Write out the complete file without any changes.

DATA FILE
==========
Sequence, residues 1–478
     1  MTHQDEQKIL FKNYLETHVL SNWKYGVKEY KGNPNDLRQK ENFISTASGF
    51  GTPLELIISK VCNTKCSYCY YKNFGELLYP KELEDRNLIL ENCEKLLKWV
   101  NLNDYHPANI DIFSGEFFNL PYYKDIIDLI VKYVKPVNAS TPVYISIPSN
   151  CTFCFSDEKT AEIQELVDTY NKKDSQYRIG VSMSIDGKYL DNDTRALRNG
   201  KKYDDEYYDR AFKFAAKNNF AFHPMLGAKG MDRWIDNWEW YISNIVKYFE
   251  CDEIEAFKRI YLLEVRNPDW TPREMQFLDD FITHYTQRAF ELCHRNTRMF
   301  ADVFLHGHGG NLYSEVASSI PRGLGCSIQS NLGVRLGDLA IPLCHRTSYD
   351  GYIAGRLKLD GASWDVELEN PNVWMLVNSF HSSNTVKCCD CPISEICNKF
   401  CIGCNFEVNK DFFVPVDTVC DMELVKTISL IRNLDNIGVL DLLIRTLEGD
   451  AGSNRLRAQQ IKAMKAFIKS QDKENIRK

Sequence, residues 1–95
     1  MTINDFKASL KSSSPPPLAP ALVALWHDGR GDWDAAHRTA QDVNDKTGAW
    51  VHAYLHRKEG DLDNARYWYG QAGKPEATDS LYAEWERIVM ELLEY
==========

Sequence, residues 1–478
     1  MTHQDEQKIL FKNYLETHVL SNWKYGVKEY KGNPNDLRQK ENFISTASGF
    51  GTPLELIISK VCNTKCSYCY YKNFGELLYP KELEDRNLIL ENCEKLLKWV
   101  NLNDYHPANI DIFSGEFFNL PYYKDIIDLI VKYVKPVNAS TPVYISIPSN
   151  CTFCFSDEKT AEIQELVDTY NKKDSQYRIG VSMSIDGKYL DNDTRALRNG
   201  KKYDDEYYDR AFKFAAKNNF AFHPMLGAKG MDRWIDNWEW YISNIVKYFE
   251  CDEIEAFKRI YLLEVRNPDW TPREMQFLDD FITHYTQRAF ELCHRNTRMF
   301  ADVFLHGHGG NLYSEVASSI PRGLGCSIQS NLGVRLGDLA IPLCHRTSYD
   351  GYIAGRLKLD GASWDVELEN PNVWMLVNSF HSSNTVKCCD CPISEICNKF
   401  CIGCNFEVNK DFFVPVDTVC DMELVKTISL IRNLDNIGVL DLLIRTLEGD
   451  AGSNRLRAQQ IKAMKAFIKS QDKENIRK

Sequence, residues 1–95
     1  MTINDFKASL KSSSPPPLAP ALVALWHDGR GDWDAAHRTA QDVNDKTGAW
    51  VHAYLHRKEG DLDNARYWYG QAGKPEATDS LYAEWERIVM ELLEY